We’ve seen Turning Red before. It’s the teenaged and tamer version of The Incredible Hulk — namely, that when the mild-mannered human comes under stress or something that makes him (or, in this case, her) angry, they suddenly morph into a creature that ostensibly can do something about it.
Or maybe a more accurate description of Turning Red would be Teen Wolf meets The Joy Luck Club.
In a movie that unquestionably aims at a slightly more mature audience than some of Pixar’s other offerings, the focal character is Mei Lee, a 13-year-old girl living with her parents in Toronto’s Chinatown in 2002. She helps take care of the family’s temple and tries to stay on her stern mother Ming’s good side, by playing the good little girl who hides desires and curiosities that every teen must eventually confront. These are things that can only be repressed for so long, and when they leak out — and particularly when Ming makes a big, embarrassing deal about it — Mei turns red-faced. And furry. And all panda-ey.
From the Christian perspective, you’ll probably take issue with the Buddhist leanings of this film, born out of the main character’s culture. We know that there’s one God; this movie refers to “the gods.” Or the ancestor worship. Those are more the settings than the emphasis, which is overwhelmingly a coming-of-age tale about how a teenage girl relates to the three P’s — parents, peer pressure and puberty. (OK, that’s four. Sue me.)
Some Mings out there will no doubt find in this tale some sort of subtle endorsement about sneaking out of the house and lying to parents, as Mei does — as if kids haven’t stumbled across (and practiced and perfected) this concept all on their own for, what, centuries? Ferris Bueller did it and then some. Cost him a Ferrari that wasn’t even his.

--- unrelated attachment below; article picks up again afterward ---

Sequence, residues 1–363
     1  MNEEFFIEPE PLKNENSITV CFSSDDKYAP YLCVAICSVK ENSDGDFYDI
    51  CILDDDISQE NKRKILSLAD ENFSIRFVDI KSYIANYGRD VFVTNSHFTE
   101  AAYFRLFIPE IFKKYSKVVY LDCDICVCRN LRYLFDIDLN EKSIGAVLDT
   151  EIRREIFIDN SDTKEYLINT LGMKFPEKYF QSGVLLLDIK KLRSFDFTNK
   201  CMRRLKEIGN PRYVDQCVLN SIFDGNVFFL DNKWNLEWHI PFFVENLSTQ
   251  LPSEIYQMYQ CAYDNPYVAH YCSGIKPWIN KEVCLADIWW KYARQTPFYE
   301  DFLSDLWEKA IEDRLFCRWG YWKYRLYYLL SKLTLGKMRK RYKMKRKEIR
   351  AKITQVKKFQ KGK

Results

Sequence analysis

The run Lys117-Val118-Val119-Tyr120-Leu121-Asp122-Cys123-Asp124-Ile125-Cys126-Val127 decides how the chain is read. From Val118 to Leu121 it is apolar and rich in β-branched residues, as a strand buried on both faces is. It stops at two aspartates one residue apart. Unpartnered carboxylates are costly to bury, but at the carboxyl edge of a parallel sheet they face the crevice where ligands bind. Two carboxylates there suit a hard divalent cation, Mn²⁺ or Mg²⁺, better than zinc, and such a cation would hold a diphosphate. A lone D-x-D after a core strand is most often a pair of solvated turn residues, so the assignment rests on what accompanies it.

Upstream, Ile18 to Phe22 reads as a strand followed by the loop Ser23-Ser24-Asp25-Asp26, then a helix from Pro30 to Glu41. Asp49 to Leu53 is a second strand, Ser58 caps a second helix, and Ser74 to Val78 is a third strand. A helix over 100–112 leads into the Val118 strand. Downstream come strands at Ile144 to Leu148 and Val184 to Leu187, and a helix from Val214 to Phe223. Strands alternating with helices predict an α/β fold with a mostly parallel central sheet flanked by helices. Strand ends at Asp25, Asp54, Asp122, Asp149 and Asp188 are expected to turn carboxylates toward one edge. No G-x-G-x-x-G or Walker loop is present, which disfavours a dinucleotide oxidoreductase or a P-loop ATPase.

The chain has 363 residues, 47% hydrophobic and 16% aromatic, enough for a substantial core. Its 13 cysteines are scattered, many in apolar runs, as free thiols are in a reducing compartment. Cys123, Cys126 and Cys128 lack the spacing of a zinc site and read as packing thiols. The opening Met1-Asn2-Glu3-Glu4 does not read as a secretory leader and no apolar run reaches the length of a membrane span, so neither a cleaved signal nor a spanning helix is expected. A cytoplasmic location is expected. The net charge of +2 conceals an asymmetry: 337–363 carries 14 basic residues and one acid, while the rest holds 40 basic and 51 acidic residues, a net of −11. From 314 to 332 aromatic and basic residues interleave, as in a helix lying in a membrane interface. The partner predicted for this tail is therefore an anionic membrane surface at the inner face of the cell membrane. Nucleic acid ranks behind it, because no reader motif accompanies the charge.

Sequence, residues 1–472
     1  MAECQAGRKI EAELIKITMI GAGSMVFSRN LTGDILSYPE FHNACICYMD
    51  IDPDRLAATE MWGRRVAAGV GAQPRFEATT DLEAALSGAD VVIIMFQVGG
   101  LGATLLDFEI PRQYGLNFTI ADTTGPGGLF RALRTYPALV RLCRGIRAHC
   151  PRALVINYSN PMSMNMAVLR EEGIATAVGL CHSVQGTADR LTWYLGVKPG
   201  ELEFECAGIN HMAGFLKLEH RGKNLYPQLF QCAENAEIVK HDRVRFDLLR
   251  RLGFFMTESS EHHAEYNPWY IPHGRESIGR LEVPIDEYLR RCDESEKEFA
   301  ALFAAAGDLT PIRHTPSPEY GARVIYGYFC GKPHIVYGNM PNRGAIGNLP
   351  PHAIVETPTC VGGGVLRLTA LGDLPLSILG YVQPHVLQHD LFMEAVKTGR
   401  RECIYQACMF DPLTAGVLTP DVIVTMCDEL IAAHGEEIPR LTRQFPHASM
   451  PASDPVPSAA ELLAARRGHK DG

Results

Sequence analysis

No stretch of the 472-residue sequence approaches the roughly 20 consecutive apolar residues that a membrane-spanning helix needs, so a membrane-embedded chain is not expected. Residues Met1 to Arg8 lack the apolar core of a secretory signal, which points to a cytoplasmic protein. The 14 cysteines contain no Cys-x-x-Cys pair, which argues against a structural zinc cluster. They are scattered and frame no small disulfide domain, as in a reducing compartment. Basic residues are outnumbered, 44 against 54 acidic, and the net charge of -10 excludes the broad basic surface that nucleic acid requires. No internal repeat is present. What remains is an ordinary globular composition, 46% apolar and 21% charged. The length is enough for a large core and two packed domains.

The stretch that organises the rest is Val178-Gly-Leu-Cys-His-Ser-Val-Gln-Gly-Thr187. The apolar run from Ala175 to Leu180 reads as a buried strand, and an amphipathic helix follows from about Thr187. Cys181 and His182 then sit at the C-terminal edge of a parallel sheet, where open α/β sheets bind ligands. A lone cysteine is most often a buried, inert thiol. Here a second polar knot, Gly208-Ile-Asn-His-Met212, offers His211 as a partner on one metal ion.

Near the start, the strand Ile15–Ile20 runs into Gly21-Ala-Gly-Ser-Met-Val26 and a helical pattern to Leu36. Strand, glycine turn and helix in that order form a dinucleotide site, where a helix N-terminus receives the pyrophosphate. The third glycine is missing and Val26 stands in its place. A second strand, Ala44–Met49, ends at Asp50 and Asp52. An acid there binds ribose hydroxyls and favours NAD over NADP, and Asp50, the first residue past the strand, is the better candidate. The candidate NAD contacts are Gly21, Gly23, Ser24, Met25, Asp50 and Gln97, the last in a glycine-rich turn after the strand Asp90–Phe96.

What complicates these teen-coming-of-age inclinations is that Mei, it turns out, is but the latest in a long line of panda-morphing women in her family. They came to this blessing/curse many moons ago in China, after praying to “the gods” for a way to protect their village from marauders. “The gods” gave them the power to become pandas. But they didn’t make it easy to contain the power — that can only happen in a sealing ceremony on the night of the Red Moon.
Mei learns how to calm herself down to tame her inner panda, but she also exploits it. This, of course, is part of the “my panda, my choice” declaration that will no doubt harken not so subtly to the ongoing abortion issue in this country. When Ming denies her permission to attend a concert at SkyDome by 4*Town, her favorite boy band, she makes the panda emerge to show off at a party, in an attempt to raise money for 4*Town tickets. When she goes to the concert anyway, Ming’s own inner panda erupts and there’s panda-monium in a confrontation at SkyDome.
One of the strong points about this movie is that there is a wealth of conversation points for parents and kids, and admittedly not all of them may be comfortable. One, for instance, could deal with how parents and teens should relate in light of Ephesians 6:1-4 (“Honor your father and mother … don’t exasperate your children.”)
But better that you have these conversations and deal honestly with them. Repression very well mean you’ll find yourselves dealing with pandas of your own, and some of them won’t be nearly as cute and cuddly as Mei. This movie merits a Dove-approved seal for Ages 12+ for its
The Dove Take
We’ve all got protective inner beasts that we must acknowledge and tame, rather than repress and shame, and too few do, to the detriment of a great many.